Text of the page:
“He's wearing something,” Carroll said of seeing Trump in court.
“If it hurts him to pay for some things, that's my intention,” Carol told George Stephanopoulos on “Good Morning America,” adding, “I would create a fund for women who were sexually assaulted by Donald.” Trump.”
After a two-week trial, a jury took less than three hours Friday to award Carroll more than $83 million in damages for two defamatory statements by the former president in 2019 alleging Trump sexually assaulted her. She in 1996.
A separate jury last year found Trump sexually harassed and defamed Carroll and awarded her $5 million.
Trump has repeatedly denied the allegations since 2019 and attended five days of defamation hearings, including testifying to double down on his claims. On Friday, he vowed to appeal the verdict.
Sitting feet away from Trump in court for five days, Carroll described her fears leading up to the investigation into her communications with the former president washed away once the trial began.
“He was like nothing, like an emperor without clothes,” Carroll said. “All my fear was leading up to it, and there he is. He's wearing something.”
Trump's appearance at the trial — after missing last year's hearing — briefly interrupted proceedings, including the former president muttering defamatory statements out of the jury's ear or walking out during closing statements by Carroll's lawyer, Roberta Kaplan.
However, Kaplan said Trump's behavior only confirms the central thesis of his case that Trump is “a bully who can't follow the rules.”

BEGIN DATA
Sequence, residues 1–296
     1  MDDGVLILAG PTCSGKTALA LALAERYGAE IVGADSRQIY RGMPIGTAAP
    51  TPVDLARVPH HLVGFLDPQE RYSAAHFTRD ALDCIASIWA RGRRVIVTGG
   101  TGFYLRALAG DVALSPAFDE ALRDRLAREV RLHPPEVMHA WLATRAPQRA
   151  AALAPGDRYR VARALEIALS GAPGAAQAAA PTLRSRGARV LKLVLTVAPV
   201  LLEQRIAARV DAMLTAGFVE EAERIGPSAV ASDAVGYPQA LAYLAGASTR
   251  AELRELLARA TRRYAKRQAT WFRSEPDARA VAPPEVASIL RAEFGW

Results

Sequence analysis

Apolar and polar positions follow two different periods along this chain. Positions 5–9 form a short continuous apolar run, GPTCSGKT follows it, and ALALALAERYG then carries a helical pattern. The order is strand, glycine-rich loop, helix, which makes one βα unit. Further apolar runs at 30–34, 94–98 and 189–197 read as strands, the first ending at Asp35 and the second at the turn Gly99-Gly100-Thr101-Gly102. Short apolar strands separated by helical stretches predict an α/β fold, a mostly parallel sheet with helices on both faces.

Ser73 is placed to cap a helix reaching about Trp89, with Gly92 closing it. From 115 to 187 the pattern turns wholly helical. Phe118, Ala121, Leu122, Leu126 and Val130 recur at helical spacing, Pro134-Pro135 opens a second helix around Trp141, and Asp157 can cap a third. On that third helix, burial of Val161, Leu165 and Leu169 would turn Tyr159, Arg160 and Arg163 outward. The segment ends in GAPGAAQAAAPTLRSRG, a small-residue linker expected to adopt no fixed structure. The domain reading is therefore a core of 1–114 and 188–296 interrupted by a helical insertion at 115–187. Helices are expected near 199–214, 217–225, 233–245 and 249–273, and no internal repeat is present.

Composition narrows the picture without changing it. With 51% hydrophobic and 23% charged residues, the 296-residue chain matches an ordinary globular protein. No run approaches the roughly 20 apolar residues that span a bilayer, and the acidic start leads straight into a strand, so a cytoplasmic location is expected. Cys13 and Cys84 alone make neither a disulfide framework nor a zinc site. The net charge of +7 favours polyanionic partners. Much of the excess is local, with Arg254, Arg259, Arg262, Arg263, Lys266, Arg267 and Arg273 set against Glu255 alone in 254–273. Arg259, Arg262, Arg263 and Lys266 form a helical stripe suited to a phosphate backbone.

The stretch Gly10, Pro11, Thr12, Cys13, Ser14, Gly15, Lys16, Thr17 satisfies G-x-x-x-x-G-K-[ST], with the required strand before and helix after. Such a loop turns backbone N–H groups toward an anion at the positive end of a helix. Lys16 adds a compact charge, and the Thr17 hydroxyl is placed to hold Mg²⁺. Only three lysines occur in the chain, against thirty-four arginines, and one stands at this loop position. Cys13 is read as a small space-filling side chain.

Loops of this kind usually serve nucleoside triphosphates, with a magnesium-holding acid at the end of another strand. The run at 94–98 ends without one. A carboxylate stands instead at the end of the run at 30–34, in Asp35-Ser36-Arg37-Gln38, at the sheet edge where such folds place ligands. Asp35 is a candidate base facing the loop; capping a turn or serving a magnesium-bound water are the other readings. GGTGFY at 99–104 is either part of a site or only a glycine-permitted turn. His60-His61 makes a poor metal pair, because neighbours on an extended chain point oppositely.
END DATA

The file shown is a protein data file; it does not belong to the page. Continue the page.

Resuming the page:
“I definitely thought we got a few million more dollars right away,” Kaplan said of Trump leaving the courthouse during his closing statement. “I was like, it's worth about $10 million.”
Hours after Trump left court, the jury returned their unanimous verdict and $83.3 million award. As the jurors left the courtroom, Carroll and his attorneys held hands and exchanged smiles with some of the jurors.
“It brought me to tears because they met my eyes for the first time,” Carroll said of seeing the jurors.
Kaplan added that he believed they could collect the $83.3 million, explaining that Trump could post a bond or deposit the money in full pending his appeal.
“I'm very confident one way or the other. We might not get it right away. But one way or another, he's got a lot of real estate. It can be sold. We'll collect the judgment,” Kaplan said.
Although Trump has not mentioned Carroll by name since the day of the verdict, Carroll said he did not believe the former president would refrain from defaming him, and his attorney said “all options are on the table” if Trump decides to defame his client. Again.
“If we have to bring another lawsuit, we'll bring another lawsuit and it's going to cost more money,” Kaplan said.